Gout is an arthritic condition caused by excess uric acid in the body, which is characterized by severe pain in affected joints that occurs unpredictably and with varying frequency. Under normal circumstances, the body dissolves uric acid into the blood and removes it via the kidneys. Since certain foods can trigger excess uric acid production, gout sufferers should avoid them at all costs.
Some meats are high in purine content. The body breaks down purines into uric acid, but too much can get into the bloodstream and cause attacks. Red meats have higher purine content as compared to white meats. However, if patients cannot completely give up those juicy steaks and burgers, they could opt for pork instead of beef or lamb. Beef and lamb have a higher purine content than other meats.
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Certain types of fish are very rich in purines, and gout sufferers should avoid them completely. These include herring, tuna, mackerel, sardines, and anchovies, which are all very potent triggers of gout attacks. For those with gout, a good alternative to these fish varieties would be salmon. Nonetheless, people with gout should limit their intake of salmon to only a few portions a week. Add more poultry and vegetables to the diet as a healthy alternative.
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If you have issues with gout, you must stay away from wild game, particularly that of turkey and geese. Like red meat, these have a high purine content that puts gout-prone individuals at risk for a flare-up.
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Healthcare providers advise those with gout to avoid seafood—especially scallops. Scallops are a particular trigger for gout attacks because they are so high in purine. Oysters, shrimp, crab, and lobsters are safer bets; though, total seafood intake should be no more than 6 to 8 ounces a day. People with gout can enjoy scallops as an occasional indulgence but if you find they trigger attacks, it’s best to avoid them.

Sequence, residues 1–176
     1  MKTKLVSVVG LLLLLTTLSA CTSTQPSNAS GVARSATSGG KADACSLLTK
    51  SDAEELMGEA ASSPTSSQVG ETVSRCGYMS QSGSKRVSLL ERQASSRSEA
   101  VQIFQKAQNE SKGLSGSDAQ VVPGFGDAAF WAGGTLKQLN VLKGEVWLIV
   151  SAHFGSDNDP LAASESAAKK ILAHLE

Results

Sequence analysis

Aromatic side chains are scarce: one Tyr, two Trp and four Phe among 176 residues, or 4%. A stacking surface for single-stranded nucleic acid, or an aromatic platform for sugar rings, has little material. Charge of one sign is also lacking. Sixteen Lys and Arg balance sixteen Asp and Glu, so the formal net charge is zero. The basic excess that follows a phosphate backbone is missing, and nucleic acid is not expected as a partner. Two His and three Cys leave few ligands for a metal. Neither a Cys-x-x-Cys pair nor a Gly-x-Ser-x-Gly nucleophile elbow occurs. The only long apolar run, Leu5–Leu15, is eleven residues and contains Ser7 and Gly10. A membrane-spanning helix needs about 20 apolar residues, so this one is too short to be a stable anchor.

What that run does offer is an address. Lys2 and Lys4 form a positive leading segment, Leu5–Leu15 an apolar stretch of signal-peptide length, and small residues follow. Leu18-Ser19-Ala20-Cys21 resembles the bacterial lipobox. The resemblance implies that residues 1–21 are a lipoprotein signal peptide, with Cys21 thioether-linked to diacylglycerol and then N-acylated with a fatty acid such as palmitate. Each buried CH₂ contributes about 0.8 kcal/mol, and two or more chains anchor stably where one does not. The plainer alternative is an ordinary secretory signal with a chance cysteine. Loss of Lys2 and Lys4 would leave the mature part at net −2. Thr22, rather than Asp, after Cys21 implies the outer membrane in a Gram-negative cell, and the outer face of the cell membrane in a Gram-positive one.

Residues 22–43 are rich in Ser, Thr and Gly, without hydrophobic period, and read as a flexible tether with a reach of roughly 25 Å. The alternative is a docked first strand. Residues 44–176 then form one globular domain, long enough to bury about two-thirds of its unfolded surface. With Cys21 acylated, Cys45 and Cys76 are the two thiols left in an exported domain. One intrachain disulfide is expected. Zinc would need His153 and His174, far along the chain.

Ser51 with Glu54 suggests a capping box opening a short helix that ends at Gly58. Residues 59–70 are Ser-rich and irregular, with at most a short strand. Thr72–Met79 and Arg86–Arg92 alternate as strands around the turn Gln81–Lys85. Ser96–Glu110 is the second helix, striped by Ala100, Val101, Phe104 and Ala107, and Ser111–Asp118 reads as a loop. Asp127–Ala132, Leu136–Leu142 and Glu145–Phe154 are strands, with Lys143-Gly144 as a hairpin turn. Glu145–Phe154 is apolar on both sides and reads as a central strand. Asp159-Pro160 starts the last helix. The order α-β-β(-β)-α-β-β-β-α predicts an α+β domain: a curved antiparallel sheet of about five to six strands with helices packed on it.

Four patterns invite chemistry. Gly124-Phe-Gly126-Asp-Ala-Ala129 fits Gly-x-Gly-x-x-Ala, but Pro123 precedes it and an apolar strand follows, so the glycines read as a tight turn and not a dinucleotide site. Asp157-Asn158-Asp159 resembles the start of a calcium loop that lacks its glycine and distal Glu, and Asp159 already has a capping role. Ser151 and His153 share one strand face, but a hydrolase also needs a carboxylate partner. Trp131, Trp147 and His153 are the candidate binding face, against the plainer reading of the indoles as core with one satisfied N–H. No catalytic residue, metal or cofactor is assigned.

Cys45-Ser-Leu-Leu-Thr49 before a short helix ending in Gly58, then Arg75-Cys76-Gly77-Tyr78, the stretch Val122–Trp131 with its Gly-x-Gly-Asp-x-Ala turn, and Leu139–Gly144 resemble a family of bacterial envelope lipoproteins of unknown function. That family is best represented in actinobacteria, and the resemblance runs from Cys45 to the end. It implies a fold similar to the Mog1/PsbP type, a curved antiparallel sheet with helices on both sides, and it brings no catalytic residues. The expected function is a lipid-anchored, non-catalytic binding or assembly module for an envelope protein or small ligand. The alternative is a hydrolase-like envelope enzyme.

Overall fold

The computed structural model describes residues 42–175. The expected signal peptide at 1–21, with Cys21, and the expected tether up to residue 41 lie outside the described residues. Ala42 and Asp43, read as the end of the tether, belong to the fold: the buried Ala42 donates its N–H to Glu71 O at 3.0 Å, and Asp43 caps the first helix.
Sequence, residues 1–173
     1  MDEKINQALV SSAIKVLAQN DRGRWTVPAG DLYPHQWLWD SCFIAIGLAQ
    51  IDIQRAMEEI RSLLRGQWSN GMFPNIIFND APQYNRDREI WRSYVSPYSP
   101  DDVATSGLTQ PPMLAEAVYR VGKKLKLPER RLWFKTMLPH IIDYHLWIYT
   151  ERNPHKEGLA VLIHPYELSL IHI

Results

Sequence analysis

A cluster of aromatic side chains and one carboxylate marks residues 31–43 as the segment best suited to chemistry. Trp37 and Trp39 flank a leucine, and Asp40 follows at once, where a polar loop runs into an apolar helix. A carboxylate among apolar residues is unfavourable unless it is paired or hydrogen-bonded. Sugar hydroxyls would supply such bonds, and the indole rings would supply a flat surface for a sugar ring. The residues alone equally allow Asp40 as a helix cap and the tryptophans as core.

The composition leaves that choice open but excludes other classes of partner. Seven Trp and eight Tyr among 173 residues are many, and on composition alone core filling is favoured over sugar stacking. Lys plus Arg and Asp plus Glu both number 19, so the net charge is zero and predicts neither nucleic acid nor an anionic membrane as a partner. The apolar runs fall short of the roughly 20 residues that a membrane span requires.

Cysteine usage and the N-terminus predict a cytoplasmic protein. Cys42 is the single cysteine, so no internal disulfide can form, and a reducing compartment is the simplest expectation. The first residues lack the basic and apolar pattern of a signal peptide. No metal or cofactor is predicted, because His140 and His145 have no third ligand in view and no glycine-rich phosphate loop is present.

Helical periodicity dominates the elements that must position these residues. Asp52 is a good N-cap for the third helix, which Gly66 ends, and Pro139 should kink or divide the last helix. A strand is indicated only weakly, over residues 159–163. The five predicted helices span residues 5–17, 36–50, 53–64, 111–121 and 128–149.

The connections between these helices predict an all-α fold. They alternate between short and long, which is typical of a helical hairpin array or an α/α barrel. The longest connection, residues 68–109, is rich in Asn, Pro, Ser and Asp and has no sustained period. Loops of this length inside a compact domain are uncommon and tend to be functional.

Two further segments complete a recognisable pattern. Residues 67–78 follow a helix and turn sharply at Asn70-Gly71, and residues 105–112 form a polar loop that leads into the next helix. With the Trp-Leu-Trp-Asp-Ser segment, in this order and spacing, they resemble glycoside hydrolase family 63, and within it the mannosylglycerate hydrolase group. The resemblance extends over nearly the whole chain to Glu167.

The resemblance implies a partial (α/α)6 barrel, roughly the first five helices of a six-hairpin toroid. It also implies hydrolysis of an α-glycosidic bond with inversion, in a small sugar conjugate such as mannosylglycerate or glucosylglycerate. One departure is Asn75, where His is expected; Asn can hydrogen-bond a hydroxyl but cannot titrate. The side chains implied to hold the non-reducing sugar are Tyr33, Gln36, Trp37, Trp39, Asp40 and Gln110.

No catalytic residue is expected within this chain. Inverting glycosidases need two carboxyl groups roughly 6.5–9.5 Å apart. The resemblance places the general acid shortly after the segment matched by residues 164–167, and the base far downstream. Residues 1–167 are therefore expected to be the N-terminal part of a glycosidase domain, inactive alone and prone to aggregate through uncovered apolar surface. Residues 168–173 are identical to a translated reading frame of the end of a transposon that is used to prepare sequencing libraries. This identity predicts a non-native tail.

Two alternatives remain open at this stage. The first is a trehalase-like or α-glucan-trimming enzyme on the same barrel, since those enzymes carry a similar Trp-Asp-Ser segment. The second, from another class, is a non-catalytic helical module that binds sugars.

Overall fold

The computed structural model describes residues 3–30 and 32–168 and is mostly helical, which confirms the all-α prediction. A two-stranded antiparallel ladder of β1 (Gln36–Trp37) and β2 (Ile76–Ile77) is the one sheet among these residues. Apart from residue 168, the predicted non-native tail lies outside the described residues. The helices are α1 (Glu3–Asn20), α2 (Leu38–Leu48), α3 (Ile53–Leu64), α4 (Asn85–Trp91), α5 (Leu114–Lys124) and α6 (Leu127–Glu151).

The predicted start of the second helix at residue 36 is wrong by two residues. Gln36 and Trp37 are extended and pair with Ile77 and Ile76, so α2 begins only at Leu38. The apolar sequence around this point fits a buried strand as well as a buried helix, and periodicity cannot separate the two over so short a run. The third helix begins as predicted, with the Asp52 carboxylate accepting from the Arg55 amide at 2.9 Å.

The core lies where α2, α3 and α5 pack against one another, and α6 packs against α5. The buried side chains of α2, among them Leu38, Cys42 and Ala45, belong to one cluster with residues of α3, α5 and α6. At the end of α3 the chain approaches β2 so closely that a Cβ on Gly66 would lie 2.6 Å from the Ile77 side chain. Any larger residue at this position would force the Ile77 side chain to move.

Though they aren't as widely consumed in North America as they used to be a century ago, organ meats are not the right choice for people with gout. Eliminate tongues, livers, brains, kidneys, and sweetbreads from their diet to minimize flare-ups.
People with gout should avoid drinking beer. First of all, the breakdown of beer in the body causes a spike in uric-acid levels. Also, beer dehydrates the body and slows the process of its elimination from the body. So, it is doubly dangerous to consume this type of alcoholic beverage. Gout patients are usually advised to forgo all alcohol as far as possible, but wine consumption in moderation is not completely discouraged.
Beverages that have high sugar are usually sweetened with high-fructose corn syrup. The consumption of these drinks stimulates the body to produce more uric acid. Excess uric acid puts individuals with gout at higher risk of a flare-up. Healthier alternatives are freshly squeezed juices and herbal teas as opposed to packaged fruit drinks and non-diet sodas. It’s a good idea to avoid all foods that contain high-fructose corn syrup as well to prevent flare-ups.
Though experts recommend a diet rich in vegetables for those worried about gout, some vegetables have high amounts of purines. These include asparagus, mushrooms, peas, spinach, and cauliflower. However, eating these vegetables may not trigger a flare-up as readily as other food items on this list. This is because high-purine vegetables do not tend to trigger gout in the way that high-purine animal products do. Nonetheless, some vegetables that have very high purine content, primarily dried beans such as fava and garbanzo, could be avoided just as a precaution.
Healthcare providers recommend that those worried about gout avoid certain kinds of fruit. Like fructose-bearing drinks, some fruits, too, lead to increased production of uric acid in the body. Dates, prunes, lychees, plums, cherries, and pears are on the list of fruits to avoid. However, experts suggest that even these fruits may be consumed in moderation as long as other purine-rich and fructose-containing foods are not consumed in the same day.
There is some conflicting evidence regarding the consumption of dairy products and how they affect gout. Some studies have shown that an increase in the intake of cheeses, yogurt, and ice-cream may decrease the risk of developing gout. However, gout patients should not consume too much milk or ice-cream. The bottom line is that high-fat dairy products can trigger flare-ups.
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